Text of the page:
Description: Roman Architecture (HSAR 252) Professor Kleiner introduces the wide variety of Roman buildings covered in the course and links them with the theme of Roman urbanism. The lecture ranges from early Roman stone construction to such masterpieces of Roman concrete architecture as the Colosseum and Pantheon. Traveling from Rome and Pompeii across the vast Roman Empire, Professor Kleiner stops in such locales as North Africa and Jordan to explore the plans of cities and their individual edifices: temples, basilicas, theaters, amphitheaters, bath complexes, and tombs. The lecture culminates with reference to the impact of Roman architecture on post-antique architectural design and building practice.
00:00 – Chapter 1. Introduction: Roman Urbanism
09:47 – Chapter 2. The Urban Grid and Public Architecture
24:41 – Chapter 3. Bathing, Entertainment, and Housing in the Roman City
37:06 – Chapter 4. Roman Tombs, Aqueducts, and the Lasting Impact of Roman Architecture
Complete course materials are available at the Open Yale Courses website: http://open.yale.edu/courses
Published: September 14, 2009 6:25 pm
Description: What was the secret to the success of ancient Rome? Aqueducts, underground neighborhoods and one of the oldest sewer systems reveal many secrets. The largest and most influential empire in history leaves clues to her greatness under nearly every street. Search subterranean locales for proof that ancient Roman design inspired many modern engineering marvels.
Published: September 16, 2009 7:15 am
Channel: Secrets in Plain Sight
Description: Secrets In Plain Sight is an awe inspiring exploration of great art, architecture, and urban design which skillfully unveils an unlikely intersection of geometry, politics, numerical philosophy, religious mysticism, new physics, music, astronomy, and world history.
Exploring key monuments and their positions in Egypt, Stonehenge, Jerusalem, Rome, Paris, London, Edinburgh, Washington DC, New York, and San Francisco brings to light a secret obsession shared by pharaohs, philosophers and kings; templars and freemasons; great artists and architects; popes and presidents, spanning the whole of recorded history up to the present time.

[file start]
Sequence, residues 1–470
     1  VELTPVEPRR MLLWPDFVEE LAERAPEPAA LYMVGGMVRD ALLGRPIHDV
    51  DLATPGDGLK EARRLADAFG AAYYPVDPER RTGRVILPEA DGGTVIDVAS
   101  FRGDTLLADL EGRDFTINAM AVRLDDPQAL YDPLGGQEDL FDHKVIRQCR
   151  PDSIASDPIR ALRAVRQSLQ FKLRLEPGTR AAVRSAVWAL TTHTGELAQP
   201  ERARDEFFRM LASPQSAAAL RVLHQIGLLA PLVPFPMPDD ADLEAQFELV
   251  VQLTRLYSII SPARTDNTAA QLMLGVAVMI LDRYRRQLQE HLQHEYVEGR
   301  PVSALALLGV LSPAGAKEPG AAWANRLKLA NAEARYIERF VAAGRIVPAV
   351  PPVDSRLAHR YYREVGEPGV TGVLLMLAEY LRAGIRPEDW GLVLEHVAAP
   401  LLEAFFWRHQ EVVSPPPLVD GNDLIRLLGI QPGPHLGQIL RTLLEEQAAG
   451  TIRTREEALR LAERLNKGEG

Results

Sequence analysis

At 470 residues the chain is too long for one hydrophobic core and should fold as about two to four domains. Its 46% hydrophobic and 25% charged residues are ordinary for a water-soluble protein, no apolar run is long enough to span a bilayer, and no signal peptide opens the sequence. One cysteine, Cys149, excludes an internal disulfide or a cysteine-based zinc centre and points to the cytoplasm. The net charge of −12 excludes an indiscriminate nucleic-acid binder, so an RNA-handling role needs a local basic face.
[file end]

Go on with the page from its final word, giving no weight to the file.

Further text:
As the series of videos reveals how profound ancient knowledge inherited from Egypt has been encoded in units of measurement, in famous works of art, in the design of major buildings, in the layout of city streets and public spaces, and in the precise placement of obelisks and other important monuments upon the Earth, the viewer is led to perceive an elegant harmonic system linking the human body with the architectural, urban, planetary, solar, and galactic scales.
Published: October 28, 2010 12:55 am
Channel: Smarthistory. art, history, conversation.
Description: Colosseum (Amphitheatrum Flavium), c. 70-80 C.E., Rome Speakers: Valentina Follo (courtesy of Context Travel), Dr. Beth Harris, Dr. Steven Zucker Cover photo by Julia Avra Ugoretz. Views of the Colosseum were taken from the Rome Reborn model of ancient Rome with the permission of The Rome Reborn Project (www.romereborn.virginia.edu). The model is copyright 2004 by The Regents of the University of California. All rights reserved. This video illustrates the latest version of the model (2.1), which was created from January to May, 2010. Created by Beth Harris and Steven Zucker.
Published: March 18, 2012 10:58 am
Channel: Aemilius Paulus
Description: Despite the fact this music is a reproduction of Greek creations, the Ancient Romans were notable for deriving nearly all of their music (especially in upper-class settings) from the Greeks. Therefore, this music was just as common in the Roman Republic/Empire as it was in Greece. In fact, at least two of the Musica Romana pieces are nearly identical to the songs produced by this group.
Published: January 21, 2010 6:46 pm